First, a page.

The wide variety of stories and topics is one of the biggest strengths of playing tabletop RPGs. But there can be content within these stories that can make some players feel uncomfortable, such as excessive violence or racism. Safety tools help us ensure that everyone is enjoying the game. They are short rounds of questions to get feedback from your players about which topics they’d like to exclude during play. This ensures a safe and pleasant gaming experience while also improving the mutual consideration amongst players. In this article, we’re going to explore the most commonly used safety tools for tabletop RPGs and also cover the common arguments against using them.


When to use safety tools

It’s a good idea to use safety tools when new players join your group; this can be a single new player who’s new in your core group. But usually, it’s conventions and online games where you meet new players. As you’re not familiar with each other, you should try to gauge each other’s no-goes and taboo topics by using safety tools.

Even with a long-standing gaming group with good friends, safety tools can still be super helpful. Perhaps there is an unspoken topic that makes someone in the group feel uncomfortable. This is where safety techniques can work as an invitation for discussion. Also consider using safety tools when switching to a new roleplaying game. In particular, if you try out a horror RPG for the first time. The stories and content within these games are meant to unsettle players, so it’s important to use safety techniques to provide a safe gaming environment that everyone can enjoy.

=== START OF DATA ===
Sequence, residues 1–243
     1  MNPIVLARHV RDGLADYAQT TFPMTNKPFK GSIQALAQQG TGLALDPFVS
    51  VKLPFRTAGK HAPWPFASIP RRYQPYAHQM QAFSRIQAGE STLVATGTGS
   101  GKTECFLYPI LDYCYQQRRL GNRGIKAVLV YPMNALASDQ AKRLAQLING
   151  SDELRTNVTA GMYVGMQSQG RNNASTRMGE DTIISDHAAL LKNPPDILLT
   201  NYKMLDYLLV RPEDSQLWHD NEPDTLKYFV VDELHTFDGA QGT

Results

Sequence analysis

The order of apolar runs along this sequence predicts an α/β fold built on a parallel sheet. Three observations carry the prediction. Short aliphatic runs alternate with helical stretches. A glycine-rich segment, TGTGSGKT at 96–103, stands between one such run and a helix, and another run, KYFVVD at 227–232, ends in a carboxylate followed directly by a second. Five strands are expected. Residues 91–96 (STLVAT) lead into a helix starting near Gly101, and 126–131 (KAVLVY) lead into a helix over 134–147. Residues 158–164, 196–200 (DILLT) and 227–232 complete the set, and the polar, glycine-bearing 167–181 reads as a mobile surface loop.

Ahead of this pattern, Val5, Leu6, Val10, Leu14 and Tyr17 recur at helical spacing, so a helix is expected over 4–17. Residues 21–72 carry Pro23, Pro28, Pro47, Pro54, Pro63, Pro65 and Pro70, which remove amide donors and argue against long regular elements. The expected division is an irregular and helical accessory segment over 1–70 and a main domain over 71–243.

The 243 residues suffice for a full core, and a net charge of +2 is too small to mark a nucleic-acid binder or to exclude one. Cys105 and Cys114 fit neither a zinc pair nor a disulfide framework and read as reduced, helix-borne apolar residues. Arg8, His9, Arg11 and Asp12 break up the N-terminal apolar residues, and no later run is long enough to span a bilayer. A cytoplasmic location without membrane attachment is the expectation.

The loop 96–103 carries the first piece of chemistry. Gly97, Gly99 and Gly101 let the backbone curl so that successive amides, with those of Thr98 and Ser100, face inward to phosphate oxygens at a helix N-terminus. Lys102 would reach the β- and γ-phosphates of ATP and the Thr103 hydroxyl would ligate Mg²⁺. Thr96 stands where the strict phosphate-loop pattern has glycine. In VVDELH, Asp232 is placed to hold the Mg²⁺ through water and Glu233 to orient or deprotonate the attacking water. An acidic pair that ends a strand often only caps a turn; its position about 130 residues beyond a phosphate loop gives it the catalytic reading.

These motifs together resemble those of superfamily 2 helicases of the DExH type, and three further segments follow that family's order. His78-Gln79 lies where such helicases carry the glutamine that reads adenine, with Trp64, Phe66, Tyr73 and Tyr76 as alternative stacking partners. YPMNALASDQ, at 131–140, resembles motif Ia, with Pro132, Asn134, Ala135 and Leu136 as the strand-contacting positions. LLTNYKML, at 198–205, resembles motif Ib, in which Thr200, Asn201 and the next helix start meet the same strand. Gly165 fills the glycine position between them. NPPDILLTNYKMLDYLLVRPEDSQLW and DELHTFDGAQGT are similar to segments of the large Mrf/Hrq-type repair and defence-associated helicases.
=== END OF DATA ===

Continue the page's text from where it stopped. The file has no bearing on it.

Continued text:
The most common taboo topics

We’ve asked a couple of GMs about the content their players commonly exclude or discuss when using safety tools in their sessions. Some topics are excluded frequently, while others are okay for players, but only to a reduced extent. Here is a list of these subjects.

Frequently excluded topics

  • Sexualized violence
  • Child abuse
  • Animal cruelty

Frequently toned down topics

  • Racism
  • Discrimination against minorities
  • Sexuality in general
  • Torture
  • Spiders
  • Snakes
  • Clowns
  • Dentists
  • Serious illnesses
  • Sexism
  • Suicide

When you ask your players about topics that they do not want in the story, it really helps to suggest some of the subjects from this overview. For some people it can be easier to pick from a list than to talk about their own personal taboos. That’s because safety tools tackle very sensitive content.

Out of all the safety tools, the following three are used most often. The X-Card is the most popular tool, probably because it is super easy to explain. Lines and Veils is also used by many GMs, as asking your players about content they don’t want to encounter in the story is very intuitive and logical. This lets you accommodate the individual needs of your players. It also gives you some time to adjust your story in case one of the excluded topics is part of the plot you had planned for this game. The third most commonly used safety technique is the Debrief. Many groups enjoy talking about the game they just played. Debriefs have been in use in the tabletop RPG community long before the term “safety tools” was even around.

If you want to try out safety tools for the first time, I absolutely recommend using “Lines and Veils”. This covers most situations and provides a safe gaming environment right from the start of the game. Additionally, there are fewer surprises for the GM during play.

Five frequent arguments against using safety tools

It is super important to provide a pleasant and safe atmosphere for everyone, but safety tools are by no means flawless. This means you’ll need to accept a few side effects when using some of the safety tools we mentioned. Here are the most common arguments against using safety tools.

  1. “Safety tools are sabotaging my plot.”

Many dark settings and horror games use challenging topics on purpose to unsettle players. But what if your plot contains a dark spider goddess and one of the players wants to exclude “spiders” with a safety tool? Maybe even in the middle of play by using the X-Card? It’s super hard to change a prepared story that quickly. So should you end the session there or should the affected player quit the game? It’s a pretty difficult situation to navigate.